Fair Helen has attracted her fair share of interest from celebrated Scottish writers over the years. The source for Greig's latest novel is "Fair Helen of Kirkconnel" (Scott had it as "Kirconnell" in his Minstrelsy of the Scottish Border, Burns as "Kirkconnel lee" in Where Helen Lies), which Greig describes as a "tragic and impeccably gloomy and fated reiver tale" from the 16th century.
The story that has been passed down (it is also recorded by the Welsh-born naturalist Thomas Pennant in his A Tour Of Scotland And Voyage To The Hebrides 1772) tells of Helen Irvine, who was inadvertently killed by one suitor, Robert Bell, as she tried to protect Adam Fleming, the man she really loved, whereupon Fleming avenges her death by killing Bell. "I hacked him in pieces sma/ For her that died for me," runs the ballad.
"Tragic and gloomy" the ballad may have been - Pennant describes it as "an ancient ballad of no great merit" - but Greig, cleverly filling in the gaps in our knowledge of Helen and Adam, has fashioned an engrossing and atmospheric story, a persuasive reconstruction of life in the Borders and Edinburgh of the time.
The story is narrated, decades after the event, by Harry Langton, cousin and childhood friend of Helen Irvine, and, while a student at Edinburgh, a close friend of the charismatic Fleming who, as the book opens, has been restored to his Borders home and has sent for his friend.
Langton learns that Fleming has fallen for Helen, but this is no straightforward affair. Their respective families have long been at feud; and Rob Bell, heidsman of a noted local family has set his own, aggressive sights on Helen. Not that you could blame him. As Langton says: "Even in the city I had heard the new flower of Annandale lit soul, heart, loins" and "She made all else seem a shuttered lantern". Bell, however, is a mere "Border bully in his pomp... Folk said young Robert Bell had a future, though most hoped it short".
The Langton who narrates the fateful story many decades later has become an intriguing curio, an ageing man of letters, his "eyes far gone from scrivening and scholaring", whose abiding loves have been Montaigne and Lucretius. After enduring years of necessary exile, he is now living a quiet life at Hawthornden.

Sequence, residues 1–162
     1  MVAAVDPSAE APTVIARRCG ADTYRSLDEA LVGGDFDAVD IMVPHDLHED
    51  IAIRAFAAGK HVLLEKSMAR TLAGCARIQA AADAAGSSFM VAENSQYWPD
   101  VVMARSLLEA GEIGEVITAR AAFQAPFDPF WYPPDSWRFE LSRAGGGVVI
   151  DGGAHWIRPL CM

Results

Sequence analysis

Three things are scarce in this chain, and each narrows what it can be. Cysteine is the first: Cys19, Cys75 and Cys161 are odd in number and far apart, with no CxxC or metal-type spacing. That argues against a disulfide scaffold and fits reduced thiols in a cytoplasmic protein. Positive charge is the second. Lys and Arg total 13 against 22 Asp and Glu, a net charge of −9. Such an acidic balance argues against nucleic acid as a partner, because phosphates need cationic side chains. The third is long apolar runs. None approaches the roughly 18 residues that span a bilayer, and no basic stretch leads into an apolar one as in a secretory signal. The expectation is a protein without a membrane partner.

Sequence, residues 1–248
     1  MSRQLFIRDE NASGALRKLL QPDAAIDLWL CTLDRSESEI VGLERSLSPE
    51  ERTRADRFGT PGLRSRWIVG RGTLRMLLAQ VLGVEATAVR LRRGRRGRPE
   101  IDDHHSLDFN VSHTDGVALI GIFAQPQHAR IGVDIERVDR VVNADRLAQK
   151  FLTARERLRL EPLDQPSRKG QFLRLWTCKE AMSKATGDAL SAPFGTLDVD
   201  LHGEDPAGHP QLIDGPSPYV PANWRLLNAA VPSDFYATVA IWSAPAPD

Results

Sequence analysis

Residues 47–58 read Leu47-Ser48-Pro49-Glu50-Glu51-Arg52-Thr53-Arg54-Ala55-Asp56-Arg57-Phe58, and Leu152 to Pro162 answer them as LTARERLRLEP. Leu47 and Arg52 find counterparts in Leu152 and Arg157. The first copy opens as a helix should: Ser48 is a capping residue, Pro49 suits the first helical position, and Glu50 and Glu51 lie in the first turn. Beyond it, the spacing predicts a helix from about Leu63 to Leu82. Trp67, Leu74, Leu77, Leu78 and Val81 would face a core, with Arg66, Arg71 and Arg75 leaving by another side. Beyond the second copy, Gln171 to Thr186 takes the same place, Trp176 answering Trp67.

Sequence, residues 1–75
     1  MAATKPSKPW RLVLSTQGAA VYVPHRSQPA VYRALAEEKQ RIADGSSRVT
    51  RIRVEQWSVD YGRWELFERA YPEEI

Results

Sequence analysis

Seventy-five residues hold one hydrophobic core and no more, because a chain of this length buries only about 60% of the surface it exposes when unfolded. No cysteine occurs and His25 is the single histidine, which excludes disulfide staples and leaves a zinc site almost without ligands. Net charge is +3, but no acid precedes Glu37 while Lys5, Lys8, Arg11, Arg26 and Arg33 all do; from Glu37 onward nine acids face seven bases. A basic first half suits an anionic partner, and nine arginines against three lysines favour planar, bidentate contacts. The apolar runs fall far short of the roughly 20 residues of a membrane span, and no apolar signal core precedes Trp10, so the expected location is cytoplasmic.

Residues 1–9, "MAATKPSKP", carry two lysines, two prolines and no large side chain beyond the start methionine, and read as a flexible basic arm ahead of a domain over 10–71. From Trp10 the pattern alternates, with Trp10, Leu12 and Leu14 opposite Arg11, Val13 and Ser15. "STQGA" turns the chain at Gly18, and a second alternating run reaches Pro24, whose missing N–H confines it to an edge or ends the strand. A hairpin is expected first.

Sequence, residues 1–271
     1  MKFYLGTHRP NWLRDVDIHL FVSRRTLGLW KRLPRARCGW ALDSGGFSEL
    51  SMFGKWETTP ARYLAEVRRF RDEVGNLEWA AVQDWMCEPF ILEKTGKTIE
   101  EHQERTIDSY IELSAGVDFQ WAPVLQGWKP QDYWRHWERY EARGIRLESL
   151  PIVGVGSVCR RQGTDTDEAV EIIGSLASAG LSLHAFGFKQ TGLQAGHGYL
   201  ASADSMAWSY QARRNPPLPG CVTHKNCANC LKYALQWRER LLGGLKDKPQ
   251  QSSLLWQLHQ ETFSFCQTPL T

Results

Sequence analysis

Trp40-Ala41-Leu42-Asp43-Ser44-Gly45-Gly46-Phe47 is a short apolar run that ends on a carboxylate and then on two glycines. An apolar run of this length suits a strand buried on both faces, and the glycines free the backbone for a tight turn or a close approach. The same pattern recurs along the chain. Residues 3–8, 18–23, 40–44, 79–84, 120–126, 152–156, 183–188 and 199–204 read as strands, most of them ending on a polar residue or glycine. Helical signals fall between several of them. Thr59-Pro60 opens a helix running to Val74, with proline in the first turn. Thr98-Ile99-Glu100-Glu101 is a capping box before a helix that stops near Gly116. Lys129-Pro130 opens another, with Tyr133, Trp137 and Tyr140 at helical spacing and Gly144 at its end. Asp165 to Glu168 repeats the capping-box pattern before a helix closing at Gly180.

The rest of his long life has, he acknowledges, "been but a coda" to those few weeks when he acted as a guard to the couple's furtive trysts. He might not have been a major player in the story of Helen and Adam, but he was at least present as a witness.
What he was at pains to keep hidden from the lovers, however, was that he was also working as a spy for an ambitious, ruthless schemer - Walter Scott, Laird of Branxholme and Buccleuch, 'new-made Warden of the Western March', whose aim it is to control and pacify the Border. Langton knows from the outset that he is playing a risky game.
The story of Helen and Adam is set in the years before the lawless Borders were indeed pacified. This was a time of the reivers, of shifting allegiances, of blood feuds, of cross-Border raids, of the law being taken into private hands. Even Langton himself, an educated man, learns how to wield a stiletto, killing a man with it in a Langholm pend.
Greig has immersed himself in the world of the ballad of Helen and has done a persuasive job in conveying life as it must have been then. Conditions for many were utterly wretched (reference is made to the "poverty and desperation and wildness" of the Borders), but those who could, ate well and loved frequently.
Greig is an adroit handler of action scenes (a cross-Border raid in search of stolen cattle is written with no little skill and economy) and also of character. His poet's eye delivers arresting phrases: "the city was torn into moonlit strips"; Buccleuch's smile "was thin as the newest moon"; a kestrel "pinned to the sky".
Helen, Adam, Buccleuch and the supporting cast, including Fleming's tough and ultra-loyal bodyguard Jed, are described with care, but the most intriguing character of them all is the narrator, Langton, a "book-intoxicated city child of artisans" who becomes a trusted friend to the ill-fated couple, a spy for Buccleuch, a man of action, a skilled observer - and also, it emerges, a man who was in unrequited love with Fleming himself.
Greig says that meeting the particular challenges of this book has been a "sair fecht" but that he is "strangely pleased with it". He has every right to be.